Radical kindness, saints, angels, and even witchcraft point the way in these selections.
Angels and Saints
Eliot Weinberger, with Mary Wellesley (New Directions/Burgin)
ISBN 978-0-8112-2986-9, $26.95
Essayist Weinberger delivers a charming meditation on the nature of angels and saints, illustrated with gorgeous reproductions of the works of ninth-century German Benedictine monk Hrabanus Maurus. Weinberger contributes the bulk of the text, comprising his interpretation of angels and their appearance and essential nature. He concludes his consideration with a beautifully laid out “angelology,” naming various angels and their powers. The rest of the volume is devoted to the stories of saints—some of which are as brief as a sentence (for John the Almsgiver: “He never spoke an idle word”). The volume is concluded with an essay by Wellesley, a British Library researcher, on the nature and history of Maurus’s illustrations. The included full-color reproductions invite the reader to contemplation.
For All Who Hunger: Searching for Communion in a Shattered World
Emily M.D. Scott (Convergent)
ISBN 978-0-593-13557-0, $25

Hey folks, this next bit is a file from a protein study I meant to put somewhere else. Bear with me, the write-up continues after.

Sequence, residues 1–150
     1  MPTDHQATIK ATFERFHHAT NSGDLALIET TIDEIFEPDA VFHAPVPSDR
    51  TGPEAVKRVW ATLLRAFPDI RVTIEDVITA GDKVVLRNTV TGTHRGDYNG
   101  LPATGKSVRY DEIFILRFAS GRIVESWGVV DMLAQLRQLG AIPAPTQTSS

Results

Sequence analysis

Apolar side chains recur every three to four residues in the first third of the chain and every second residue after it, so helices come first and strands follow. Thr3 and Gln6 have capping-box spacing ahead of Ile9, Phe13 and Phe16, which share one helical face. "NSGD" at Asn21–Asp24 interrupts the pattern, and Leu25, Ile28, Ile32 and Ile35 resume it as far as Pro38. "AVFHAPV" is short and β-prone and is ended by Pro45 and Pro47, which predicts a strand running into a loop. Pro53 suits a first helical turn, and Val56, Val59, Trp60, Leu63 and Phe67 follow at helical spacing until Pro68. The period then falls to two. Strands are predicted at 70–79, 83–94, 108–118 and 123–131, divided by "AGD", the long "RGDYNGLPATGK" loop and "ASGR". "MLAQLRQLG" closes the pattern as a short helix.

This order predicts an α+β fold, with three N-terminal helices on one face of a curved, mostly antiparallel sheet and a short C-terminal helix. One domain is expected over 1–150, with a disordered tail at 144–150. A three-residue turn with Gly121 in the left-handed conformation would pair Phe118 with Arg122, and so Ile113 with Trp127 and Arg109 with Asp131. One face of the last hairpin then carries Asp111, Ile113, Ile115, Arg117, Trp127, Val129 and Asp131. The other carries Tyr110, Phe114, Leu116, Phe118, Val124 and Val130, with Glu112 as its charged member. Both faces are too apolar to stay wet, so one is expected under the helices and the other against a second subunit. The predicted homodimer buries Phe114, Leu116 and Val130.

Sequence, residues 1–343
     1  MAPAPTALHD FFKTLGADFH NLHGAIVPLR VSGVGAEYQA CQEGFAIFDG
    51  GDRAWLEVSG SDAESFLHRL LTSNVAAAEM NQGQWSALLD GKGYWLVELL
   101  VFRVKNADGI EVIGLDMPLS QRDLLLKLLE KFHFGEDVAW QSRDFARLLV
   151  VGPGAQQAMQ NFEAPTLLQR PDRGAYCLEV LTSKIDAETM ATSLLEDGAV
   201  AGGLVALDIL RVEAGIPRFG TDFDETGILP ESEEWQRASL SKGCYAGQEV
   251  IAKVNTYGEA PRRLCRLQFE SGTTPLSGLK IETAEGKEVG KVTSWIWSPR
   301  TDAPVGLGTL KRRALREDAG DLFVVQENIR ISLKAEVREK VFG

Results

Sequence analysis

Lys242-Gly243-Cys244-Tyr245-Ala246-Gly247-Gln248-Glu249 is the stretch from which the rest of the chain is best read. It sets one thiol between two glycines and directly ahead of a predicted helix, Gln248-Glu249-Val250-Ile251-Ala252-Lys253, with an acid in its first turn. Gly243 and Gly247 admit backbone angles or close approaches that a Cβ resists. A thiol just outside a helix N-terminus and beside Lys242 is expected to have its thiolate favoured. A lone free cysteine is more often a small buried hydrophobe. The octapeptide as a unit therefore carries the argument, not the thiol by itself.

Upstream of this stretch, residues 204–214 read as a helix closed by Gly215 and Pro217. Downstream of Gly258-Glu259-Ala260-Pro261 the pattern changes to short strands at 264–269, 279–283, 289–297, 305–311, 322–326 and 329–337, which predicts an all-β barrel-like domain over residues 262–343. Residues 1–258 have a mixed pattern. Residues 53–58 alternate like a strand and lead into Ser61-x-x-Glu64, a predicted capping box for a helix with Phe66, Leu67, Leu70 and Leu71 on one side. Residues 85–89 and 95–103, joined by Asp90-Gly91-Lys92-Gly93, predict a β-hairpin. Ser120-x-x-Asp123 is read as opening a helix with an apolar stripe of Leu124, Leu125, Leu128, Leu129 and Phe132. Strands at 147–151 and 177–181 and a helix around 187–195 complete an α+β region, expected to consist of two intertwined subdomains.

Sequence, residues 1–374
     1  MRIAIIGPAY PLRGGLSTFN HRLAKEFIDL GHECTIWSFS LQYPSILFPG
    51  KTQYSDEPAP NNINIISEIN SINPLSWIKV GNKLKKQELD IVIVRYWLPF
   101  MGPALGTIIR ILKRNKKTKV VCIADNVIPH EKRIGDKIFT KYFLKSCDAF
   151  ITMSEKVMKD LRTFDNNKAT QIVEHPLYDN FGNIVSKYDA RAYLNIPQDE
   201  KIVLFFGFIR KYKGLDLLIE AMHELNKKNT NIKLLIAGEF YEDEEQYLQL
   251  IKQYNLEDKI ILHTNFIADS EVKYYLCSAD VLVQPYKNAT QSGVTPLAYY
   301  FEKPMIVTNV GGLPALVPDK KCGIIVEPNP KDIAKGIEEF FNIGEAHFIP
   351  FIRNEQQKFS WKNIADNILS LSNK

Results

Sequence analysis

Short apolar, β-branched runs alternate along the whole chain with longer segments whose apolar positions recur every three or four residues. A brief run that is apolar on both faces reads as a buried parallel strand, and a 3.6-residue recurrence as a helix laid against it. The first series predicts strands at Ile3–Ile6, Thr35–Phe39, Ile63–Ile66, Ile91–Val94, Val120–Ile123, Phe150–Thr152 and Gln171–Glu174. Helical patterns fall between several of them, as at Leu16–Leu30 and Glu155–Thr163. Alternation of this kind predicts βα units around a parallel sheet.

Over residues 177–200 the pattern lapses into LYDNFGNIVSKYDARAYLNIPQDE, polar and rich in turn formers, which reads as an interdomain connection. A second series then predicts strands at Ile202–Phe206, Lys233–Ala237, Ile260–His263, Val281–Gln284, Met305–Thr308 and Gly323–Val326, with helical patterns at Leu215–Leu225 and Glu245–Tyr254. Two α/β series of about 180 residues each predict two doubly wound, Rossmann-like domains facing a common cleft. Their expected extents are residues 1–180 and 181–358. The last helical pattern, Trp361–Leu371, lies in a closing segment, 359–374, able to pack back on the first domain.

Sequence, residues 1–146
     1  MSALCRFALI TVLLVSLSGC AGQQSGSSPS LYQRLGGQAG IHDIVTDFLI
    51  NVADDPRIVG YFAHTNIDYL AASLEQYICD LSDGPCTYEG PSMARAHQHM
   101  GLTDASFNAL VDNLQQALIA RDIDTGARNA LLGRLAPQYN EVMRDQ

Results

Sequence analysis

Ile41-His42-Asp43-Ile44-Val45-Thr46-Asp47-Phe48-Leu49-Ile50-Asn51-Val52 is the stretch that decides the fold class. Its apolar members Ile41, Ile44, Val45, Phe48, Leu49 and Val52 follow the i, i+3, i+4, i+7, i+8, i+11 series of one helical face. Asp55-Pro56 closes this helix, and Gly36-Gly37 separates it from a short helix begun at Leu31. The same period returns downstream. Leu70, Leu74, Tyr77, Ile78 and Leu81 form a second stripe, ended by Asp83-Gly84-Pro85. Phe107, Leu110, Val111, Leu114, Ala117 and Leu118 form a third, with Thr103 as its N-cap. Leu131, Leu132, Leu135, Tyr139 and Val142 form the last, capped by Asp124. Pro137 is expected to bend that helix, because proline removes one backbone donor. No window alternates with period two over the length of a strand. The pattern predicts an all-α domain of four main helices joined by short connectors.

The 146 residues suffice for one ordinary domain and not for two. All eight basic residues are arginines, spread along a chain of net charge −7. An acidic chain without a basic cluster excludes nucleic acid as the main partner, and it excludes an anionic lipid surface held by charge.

Lutheran pastor Scott asks in her exceptional debut: if you strip from church all “the creeds and the chasubles,” what would be left? The answer, for her, became St. Lydia’s Dinner Church in New York City, which she founded in 2008 as a place for queer, marginalized, artistic, nerdy, and often lonely lovers of God to gather for bread, wine, and the words of Jesus. She details daily foibles and moments of inspiration that come with working with her congregation. Scott’s writing is leavened by a healthy dose of self-awareness, and her stories capture the humanity of her mission and community with a light sacramental touch. Fine observations (“We are holy not because we are good but because we are loved”) and the terrific use of quotes from Joy Harjo, Pablo Neruda, and Flannery O’Connor guide readers through Scott’s life within the church.
Human(Kind): How Reclaiming Human Worth and Embracing Radical Kindness Will Bring Us Back Together
Ashlee Eiland (WaterBrook)
ISBN 978-0-525-65343-1, $15.99